I know, you just want me to show you the scorecard and associated secret formula investors use to decide a supposedly “fair” valuation for your company. Unfortunately, you are only allowed access to that information once you’ve become an accredited investor, pass the extremely difficult valuation certification test and finally swear yourself to secrecy, with an implanted microchip under your skin for enforcement. Haven’t you wondered why investors act so sketchy when you try to get them to explain how they came up with a proposed valuation for your company?
With as little as it costs to get a software startup off the ground these days, many entrepreneurs start off as what we call “bootstrappers” rather than fundraisers. There’s nothing wrong with that approach but staying in the bootstrapped mode for too long can carry some consequences. This article explores that further.
Not much different than the famous chasm described in Geoffrey Moore’s book “Crossing the Chasm”, funding your startup venture over time also has a chasm. This fundraising chasm doesn’t trip up all startups but that might just be due to luck. Explore this further with me to better navigate the chasm in such a way that it doesn’t suck you into the abyss.
When I ask entrepreneurs what their most valuable resource is, I ALWAYS get one of two responses: money (aka – funding, cash) or people. And it’s hard to argue about the relative importance of these two things. But those resources are replaceable. There’s another resource that isn’t, and it’s Time. Time is an entrepreneur’s most valuable resource and is the subject of this article. Given the various other tools and resources you have, how can you maximize time? Let’s explore further.
Almost no investor wants to be the “first check written” for your round of funding. This makes total sense if you think about it from their perspective. If you don’t secure any other investors, they are in big trouble because you needed a certain amount of money to remain viable and now their investment is already extremely risky. For this reason, until you actually have money in the bank from a few investors you will find most interested investors dragging their heels (artificially delaying things). This article describes how you can use verbal commitments as a crucial tool to shake things loose, get some money in the bank and trigger needed fundraising momentum.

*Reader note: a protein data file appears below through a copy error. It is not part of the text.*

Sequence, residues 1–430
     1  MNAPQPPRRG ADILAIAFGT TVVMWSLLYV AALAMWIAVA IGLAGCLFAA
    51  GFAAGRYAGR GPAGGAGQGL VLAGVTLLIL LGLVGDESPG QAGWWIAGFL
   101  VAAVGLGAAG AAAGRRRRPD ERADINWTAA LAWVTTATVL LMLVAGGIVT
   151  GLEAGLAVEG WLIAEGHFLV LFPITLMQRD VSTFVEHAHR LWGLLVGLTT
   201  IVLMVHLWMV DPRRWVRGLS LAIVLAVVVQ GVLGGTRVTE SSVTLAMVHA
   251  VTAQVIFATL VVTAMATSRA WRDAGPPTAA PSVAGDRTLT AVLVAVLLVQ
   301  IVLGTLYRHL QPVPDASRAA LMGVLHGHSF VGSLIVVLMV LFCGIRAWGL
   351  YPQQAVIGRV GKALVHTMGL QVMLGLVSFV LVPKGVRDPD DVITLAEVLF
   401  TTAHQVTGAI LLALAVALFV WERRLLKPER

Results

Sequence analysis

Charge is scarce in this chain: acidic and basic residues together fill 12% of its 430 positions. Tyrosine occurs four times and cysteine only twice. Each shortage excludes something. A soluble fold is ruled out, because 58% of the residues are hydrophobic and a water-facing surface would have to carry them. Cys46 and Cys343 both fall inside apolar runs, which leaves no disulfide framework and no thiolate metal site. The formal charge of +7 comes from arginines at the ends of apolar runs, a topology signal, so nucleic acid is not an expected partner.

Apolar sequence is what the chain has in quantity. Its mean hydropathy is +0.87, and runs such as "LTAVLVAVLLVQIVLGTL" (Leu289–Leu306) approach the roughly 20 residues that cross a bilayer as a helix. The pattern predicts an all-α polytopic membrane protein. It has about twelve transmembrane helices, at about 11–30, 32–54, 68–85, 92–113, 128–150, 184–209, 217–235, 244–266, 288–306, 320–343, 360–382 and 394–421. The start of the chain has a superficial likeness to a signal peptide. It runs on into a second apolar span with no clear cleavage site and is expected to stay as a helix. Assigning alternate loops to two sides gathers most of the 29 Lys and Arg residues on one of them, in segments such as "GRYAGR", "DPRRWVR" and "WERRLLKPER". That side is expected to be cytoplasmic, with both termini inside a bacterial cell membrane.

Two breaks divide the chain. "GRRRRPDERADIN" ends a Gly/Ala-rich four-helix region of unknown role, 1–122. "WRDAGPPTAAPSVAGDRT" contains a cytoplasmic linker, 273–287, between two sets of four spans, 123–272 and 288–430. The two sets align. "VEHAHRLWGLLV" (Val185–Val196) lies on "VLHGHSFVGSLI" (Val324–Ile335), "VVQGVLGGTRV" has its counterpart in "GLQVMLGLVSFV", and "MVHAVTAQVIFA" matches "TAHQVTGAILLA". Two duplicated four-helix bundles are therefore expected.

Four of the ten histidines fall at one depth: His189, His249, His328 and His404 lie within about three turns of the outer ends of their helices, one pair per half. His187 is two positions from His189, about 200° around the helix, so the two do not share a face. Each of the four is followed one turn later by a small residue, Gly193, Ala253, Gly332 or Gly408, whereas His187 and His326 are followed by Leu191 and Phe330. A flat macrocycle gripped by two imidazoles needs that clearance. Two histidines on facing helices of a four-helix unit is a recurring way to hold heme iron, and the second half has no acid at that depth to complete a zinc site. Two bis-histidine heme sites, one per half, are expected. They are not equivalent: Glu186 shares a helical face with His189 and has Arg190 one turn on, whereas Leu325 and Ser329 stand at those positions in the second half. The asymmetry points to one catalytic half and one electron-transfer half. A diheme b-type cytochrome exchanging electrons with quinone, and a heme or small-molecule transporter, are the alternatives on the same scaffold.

Here’s a scenario I commonly see. A startup raises $1M in total seed funding to turn their MVP into a real product and figure out a profitable and scalable customer acquisition model. All goes well over the coming 12 months as they reach $80K in MRR while also growing the team to 10 employees. They find themselves setting plans for a Series A round of funding and predict the process will be similar to their seed round but just with venture funds as the primary target and larger check sizes. After eight weeks and zero success, they approach someone like me for advice and the reaction they get is some flavor of this: “a Series A is not just a larger version of a seed round”. This article dives deeper into what exactly that statement means.
I didn’t invent this quote (can’t remember where I heard it) but what a great one to help remember that with most business-related transactions, price is definitely not the only factor. Three such transaction types relate to the things I commonly write about on this site:
- Fundraising (valuation)
- Technology licensing (royalty or license fee)
- Acquisition (price tag)
In this article I provide insights into possible terms for each type of transaction that could dramatically change the value equation.